Flora in Winter is not a ‘standard’ flower show, meaning the designers do not have to conform to any organizations set of design rules (e.g., “only fresh material”, “no manipulated material”).  We ran into Elaine DiGiovanni, one of the region’s top designers, who said that the allure of entering the show is that, “the only rule is that there are no rules”.  It’s an opportunity for floral designers to cut loose, with no ribbons at stake.

'The Worcester Hunt' is a 6th Century
mosaic excavated from Antioch.  Its
presence is a symbol of the museum's
heyday (double-click to see full size)
It was also an opportunity to assess the relative fortunes of two institutions.  The Worcester Art Museum has the second largest such facility in New England.  It has a storied past, as evidenced by the massive ‘Worcester Hunt’ mosaic from early 6th century A.D., excavated from a villa above Antioch.  But little ‘classical’ art has come to the museum since Worcester’s heyday, as evidenced by the acquisition dates on the paintings and sculptures.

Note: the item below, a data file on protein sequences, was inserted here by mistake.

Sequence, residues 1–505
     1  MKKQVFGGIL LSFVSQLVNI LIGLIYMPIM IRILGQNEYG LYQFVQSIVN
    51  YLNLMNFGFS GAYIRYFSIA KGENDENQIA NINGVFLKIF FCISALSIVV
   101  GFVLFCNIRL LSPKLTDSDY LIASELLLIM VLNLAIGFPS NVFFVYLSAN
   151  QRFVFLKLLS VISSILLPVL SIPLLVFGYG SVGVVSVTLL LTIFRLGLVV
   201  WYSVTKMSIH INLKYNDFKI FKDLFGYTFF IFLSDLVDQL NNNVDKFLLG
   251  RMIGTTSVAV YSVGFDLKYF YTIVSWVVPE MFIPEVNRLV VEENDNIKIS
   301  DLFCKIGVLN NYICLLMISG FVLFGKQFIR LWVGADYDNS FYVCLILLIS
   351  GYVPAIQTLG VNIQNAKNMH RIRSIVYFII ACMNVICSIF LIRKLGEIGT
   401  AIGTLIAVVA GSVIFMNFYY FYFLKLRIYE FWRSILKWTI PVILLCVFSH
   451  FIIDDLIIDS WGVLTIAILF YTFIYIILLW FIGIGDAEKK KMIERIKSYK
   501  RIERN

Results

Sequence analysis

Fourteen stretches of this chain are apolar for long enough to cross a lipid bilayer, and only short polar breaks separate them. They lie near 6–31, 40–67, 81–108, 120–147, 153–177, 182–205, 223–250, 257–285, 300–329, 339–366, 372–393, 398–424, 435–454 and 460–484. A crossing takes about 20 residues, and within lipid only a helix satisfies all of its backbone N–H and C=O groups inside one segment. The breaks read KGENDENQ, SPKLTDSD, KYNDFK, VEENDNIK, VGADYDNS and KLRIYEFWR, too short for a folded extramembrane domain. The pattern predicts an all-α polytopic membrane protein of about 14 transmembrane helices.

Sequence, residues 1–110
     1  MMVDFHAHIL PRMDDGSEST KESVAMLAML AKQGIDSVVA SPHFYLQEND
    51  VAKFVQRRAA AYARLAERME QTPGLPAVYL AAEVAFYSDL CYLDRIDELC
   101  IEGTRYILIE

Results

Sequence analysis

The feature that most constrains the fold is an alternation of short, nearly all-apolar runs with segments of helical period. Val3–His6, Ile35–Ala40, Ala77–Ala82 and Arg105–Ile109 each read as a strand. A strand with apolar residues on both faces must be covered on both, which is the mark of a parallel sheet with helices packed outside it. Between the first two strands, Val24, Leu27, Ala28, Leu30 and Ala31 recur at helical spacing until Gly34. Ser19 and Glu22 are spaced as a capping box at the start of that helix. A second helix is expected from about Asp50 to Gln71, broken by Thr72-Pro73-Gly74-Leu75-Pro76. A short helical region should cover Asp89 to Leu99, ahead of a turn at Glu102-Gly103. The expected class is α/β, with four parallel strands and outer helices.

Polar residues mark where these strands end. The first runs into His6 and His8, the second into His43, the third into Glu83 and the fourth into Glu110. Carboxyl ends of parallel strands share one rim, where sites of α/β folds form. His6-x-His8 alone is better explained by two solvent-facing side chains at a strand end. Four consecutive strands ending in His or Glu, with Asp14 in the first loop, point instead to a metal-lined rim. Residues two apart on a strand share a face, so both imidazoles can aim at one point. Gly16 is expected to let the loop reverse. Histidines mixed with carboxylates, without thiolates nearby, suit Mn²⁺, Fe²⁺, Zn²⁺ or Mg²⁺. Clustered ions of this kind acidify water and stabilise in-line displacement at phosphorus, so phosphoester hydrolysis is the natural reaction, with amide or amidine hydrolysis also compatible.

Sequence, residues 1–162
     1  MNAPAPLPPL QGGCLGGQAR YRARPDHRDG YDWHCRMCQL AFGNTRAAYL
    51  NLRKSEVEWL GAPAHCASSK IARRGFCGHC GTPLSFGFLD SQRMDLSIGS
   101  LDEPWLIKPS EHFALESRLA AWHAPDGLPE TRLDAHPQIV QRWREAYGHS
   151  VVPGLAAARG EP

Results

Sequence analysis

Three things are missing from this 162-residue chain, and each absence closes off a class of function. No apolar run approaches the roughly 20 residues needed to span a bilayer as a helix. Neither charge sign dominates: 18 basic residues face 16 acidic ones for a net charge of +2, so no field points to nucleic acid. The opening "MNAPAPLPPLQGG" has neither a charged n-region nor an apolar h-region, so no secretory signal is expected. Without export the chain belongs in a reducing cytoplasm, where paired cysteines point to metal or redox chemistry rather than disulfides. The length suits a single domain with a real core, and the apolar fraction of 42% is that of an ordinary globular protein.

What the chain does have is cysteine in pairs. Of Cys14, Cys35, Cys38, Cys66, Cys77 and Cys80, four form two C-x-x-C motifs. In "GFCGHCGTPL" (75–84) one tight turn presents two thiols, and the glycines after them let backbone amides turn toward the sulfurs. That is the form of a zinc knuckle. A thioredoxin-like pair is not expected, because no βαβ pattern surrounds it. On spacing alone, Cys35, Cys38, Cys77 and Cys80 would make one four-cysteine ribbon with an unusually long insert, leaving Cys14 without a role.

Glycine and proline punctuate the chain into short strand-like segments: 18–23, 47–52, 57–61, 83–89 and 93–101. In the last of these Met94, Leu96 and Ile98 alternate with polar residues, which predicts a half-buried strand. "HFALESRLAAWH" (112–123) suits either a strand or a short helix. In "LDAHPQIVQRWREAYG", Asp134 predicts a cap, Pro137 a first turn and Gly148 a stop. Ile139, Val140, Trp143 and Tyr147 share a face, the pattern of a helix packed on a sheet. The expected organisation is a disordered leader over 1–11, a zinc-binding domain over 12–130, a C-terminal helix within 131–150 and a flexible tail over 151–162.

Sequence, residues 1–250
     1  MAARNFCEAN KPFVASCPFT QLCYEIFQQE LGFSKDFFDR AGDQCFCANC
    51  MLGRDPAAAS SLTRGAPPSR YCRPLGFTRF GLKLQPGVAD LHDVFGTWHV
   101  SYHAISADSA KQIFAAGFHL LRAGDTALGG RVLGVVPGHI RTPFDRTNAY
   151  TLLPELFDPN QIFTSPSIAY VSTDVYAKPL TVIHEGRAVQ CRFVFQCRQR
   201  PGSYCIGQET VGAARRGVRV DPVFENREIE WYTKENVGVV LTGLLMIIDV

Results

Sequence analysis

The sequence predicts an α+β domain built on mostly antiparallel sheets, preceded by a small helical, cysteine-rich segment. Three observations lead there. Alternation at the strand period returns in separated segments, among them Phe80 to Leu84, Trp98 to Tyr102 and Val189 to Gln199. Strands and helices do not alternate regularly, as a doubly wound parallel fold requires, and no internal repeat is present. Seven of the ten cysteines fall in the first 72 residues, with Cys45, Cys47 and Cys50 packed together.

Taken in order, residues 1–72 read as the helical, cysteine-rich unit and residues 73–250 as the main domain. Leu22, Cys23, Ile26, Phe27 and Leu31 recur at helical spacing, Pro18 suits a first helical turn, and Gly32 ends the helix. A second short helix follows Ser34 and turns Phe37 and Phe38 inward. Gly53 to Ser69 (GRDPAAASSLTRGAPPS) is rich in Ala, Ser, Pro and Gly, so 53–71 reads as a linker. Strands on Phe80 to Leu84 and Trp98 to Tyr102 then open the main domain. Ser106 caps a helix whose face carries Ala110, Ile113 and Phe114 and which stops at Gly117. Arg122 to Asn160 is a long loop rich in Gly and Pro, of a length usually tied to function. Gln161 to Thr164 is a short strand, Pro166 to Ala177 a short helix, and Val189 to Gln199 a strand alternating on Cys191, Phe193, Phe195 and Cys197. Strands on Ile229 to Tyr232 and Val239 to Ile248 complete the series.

The Orangerie at Tower Hill
Botanic Garden.  A taste of
the subtropics amid the
Worcester Hills.
Tower Hill, by contrast, represents the re-invention of a venerable society. In 1986, WHS left Horticultural Hall in Worcester for the Tower Hill Farm, 10 miles northeast of the city, and started over with a blank piece of paper: a 132-acre former apple farm atop a windswept hill.  A 50-year plan was drawn up and buildings were erected, one by one, as funding assured their completion.  There are still more buildings and gardens planned, but what is there represents a triumph of good management coupled with vision.

On a cold Saturday, though, all I could think about was color and a respite from a winter that has at least six more weeks to go.  For a few hours, I was surrounded by beauty, created both by nature and by imagination. 

What a great break from that gray and brown.